A few months before the Midsummer Solstice in June 1971, film producers Sy Litvanoff and David Puttnam approached Nicolas Roeg to film a strange, underground free festival that was happening in Somerset.
Roeg arrived at the freakshow with eight cameramen in tow, but after filming for a few days, he abandoned the project, waylaid by bigger films like Walkabout and Don’t Look Now. After being shunted around to various editors, it was eventually salvaged by Peter Neal, an amateur filmmaker who attended the festival. Neal artfully intercuts Roeg’s music footage with 160mm film taken by punters to create a slightly dream-like, fan’s-eye voyage around the festival fields, without any commentary.
It serves as an almost anthropological examination of events happening away from the music: the building of the Pyramid Stage, the crazy preachers, the enormous spliffs, the sun worshippers, the mystical mumbo-jumbo, the naked hippies rolling in mud, the religious gurus and the impromptu outbursts of guitar playing, singing and drumming from stoned punters.
Underappreciated at the time, the film was dismissed as a cheapskate English version of big-budget festival movies such as Woodstock or Monterey Pop. The live footage does include some dreck (sorry, Melanie), but there are actually a few cracking musical performances: Terry Reid opens the film with an incendiary version of “Dean”, while Traffic close it with a pulsating Brazilian-tinged “Gimme Some Lovin”. However, just as one can still idle away an enjoyable four days at Glasto without stepping anywhere near a music stage, the film captures how music has always been tangential to the Glastonbury Festival experience.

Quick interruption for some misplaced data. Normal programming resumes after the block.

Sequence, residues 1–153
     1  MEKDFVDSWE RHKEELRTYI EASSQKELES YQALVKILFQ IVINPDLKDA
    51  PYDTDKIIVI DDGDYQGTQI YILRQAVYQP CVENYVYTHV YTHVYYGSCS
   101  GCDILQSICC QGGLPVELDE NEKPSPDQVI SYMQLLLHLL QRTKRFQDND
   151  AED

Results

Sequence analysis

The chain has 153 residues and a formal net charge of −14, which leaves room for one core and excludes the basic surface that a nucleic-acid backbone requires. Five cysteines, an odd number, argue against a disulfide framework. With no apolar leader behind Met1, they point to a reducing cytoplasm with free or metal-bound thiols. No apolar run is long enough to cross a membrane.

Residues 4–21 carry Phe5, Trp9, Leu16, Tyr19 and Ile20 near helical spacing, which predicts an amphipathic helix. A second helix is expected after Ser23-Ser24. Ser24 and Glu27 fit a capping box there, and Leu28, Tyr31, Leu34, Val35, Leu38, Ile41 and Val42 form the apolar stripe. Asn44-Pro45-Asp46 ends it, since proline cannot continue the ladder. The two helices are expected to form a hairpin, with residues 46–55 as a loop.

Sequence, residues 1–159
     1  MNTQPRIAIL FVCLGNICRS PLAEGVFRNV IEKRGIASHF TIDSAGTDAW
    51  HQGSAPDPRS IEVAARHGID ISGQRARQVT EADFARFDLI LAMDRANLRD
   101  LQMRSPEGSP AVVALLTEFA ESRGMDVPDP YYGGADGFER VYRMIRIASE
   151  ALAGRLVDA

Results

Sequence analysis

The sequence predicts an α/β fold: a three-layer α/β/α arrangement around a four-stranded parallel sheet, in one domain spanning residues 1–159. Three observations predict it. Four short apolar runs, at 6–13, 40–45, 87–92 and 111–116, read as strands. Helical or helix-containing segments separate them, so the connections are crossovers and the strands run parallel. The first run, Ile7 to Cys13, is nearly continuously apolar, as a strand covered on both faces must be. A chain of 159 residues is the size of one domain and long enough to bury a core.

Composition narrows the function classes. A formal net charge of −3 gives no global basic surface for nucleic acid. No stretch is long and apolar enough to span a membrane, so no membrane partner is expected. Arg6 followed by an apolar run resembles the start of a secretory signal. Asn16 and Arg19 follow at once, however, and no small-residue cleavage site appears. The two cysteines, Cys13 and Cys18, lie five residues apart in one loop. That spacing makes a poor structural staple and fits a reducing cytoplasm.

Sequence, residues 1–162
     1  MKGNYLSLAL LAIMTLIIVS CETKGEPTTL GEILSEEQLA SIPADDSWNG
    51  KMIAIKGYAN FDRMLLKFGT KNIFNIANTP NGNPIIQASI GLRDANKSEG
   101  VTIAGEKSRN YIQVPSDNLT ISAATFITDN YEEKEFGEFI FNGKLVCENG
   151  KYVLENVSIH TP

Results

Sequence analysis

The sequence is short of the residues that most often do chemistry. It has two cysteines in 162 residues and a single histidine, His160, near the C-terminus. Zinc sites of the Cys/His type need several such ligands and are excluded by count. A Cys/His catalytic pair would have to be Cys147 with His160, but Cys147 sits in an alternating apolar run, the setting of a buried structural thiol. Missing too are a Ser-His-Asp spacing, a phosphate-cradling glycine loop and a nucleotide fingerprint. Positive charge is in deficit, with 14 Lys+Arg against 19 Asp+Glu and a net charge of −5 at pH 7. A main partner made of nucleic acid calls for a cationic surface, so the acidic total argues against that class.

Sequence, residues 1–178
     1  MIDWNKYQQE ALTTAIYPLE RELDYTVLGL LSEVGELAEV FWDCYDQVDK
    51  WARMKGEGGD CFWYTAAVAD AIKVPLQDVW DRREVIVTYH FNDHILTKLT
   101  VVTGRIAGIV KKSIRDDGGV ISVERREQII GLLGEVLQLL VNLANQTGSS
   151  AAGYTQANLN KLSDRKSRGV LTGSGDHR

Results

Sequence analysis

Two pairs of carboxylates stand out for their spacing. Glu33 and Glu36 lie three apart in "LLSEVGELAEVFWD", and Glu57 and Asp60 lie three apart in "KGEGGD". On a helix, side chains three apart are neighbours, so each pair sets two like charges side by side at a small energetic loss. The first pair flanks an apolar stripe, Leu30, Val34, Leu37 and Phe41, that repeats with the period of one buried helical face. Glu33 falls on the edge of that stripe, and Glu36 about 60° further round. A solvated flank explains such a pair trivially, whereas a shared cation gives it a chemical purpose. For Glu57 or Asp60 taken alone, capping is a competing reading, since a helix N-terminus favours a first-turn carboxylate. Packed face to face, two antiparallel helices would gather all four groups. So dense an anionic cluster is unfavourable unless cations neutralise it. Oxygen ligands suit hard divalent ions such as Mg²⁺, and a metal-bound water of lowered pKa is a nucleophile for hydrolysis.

Oddly this release sees Peter Neal relegated to the role of “completion director”, instead crediting the film (for the first time) to Nic Roeg. Pasting a big Hollywood name on the front is, presumably, intended to make it a more prestigious release, but Roeg’s witterings in the director’s commentary suggest that he was barely involved in the project and has only the dimmest memories of the festival (“hmm,” he observes at one point, “a lot of people had long hair in those days, didn’t they?”).
An accompanying Making Of film makes a slightly shambolic job of setting the scene and explaining events. The film itself, though, beautifully transferred to disc for the first time, remains a fascinating, absurd, hilarious, cringe-making but ultimately quite moving record of a unique period in counterculture.
EXTRAS: 2* “director’s” commentary from Nic Roeg, interviews with various performers and journalists.